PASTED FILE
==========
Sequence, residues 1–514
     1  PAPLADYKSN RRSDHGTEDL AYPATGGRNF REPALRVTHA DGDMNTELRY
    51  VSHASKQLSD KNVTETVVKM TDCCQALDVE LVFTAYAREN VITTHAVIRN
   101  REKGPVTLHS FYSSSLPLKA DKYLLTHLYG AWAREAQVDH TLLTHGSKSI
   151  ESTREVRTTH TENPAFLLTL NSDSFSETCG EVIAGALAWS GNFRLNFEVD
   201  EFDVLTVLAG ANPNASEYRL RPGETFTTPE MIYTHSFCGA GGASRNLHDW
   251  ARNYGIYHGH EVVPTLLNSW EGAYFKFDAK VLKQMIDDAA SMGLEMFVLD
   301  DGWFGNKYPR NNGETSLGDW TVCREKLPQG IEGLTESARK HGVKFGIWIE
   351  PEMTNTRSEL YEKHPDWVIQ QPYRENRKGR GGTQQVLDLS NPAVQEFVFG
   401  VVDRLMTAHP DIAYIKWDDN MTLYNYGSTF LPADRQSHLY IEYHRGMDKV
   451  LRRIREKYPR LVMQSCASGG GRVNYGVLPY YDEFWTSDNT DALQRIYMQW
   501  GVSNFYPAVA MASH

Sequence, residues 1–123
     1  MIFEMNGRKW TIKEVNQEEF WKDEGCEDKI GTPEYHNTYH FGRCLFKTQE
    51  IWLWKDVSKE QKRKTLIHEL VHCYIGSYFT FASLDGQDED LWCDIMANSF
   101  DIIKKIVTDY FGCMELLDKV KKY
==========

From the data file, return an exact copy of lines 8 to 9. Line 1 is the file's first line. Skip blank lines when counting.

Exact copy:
   301  DGWFGNKYPR NNGETSLGDW TVCREKLPQG IEGLTESARK HGVKFGIWIE
   351  PEMTNTRSEL YEKHPDWVIQ QPYRENRKGR GGTQQVLDLS NPAVQEFVFG